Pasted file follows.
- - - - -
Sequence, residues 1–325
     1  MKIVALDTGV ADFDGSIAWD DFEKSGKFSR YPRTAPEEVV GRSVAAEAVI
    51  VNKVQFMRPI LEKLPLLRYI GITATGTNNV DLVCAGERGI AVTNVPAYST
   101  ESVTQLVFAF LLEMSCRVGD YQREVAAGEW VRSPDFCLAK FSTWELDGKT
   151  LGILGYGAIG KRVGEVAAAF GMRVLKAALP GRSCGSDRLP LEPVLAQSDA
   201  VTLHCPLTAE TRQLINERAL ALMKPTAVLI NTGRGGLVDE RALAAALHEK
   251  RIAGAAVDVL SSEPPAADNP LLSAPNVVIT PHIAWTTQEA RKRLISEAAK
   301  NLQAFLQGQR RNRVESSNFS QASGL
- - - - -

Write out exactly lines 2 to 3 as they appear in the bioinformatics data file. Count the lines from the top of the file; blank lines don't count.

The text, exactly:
     1  MKIVALDTGV ADFDGSIAWD DFEKSGKFSR YPRTAPEEVV GRSVAAEAVI
    51  VNKVQFMRPI LEKLPLLRYI GITATGTNNV DLVCAGERGI AVTNVPAYST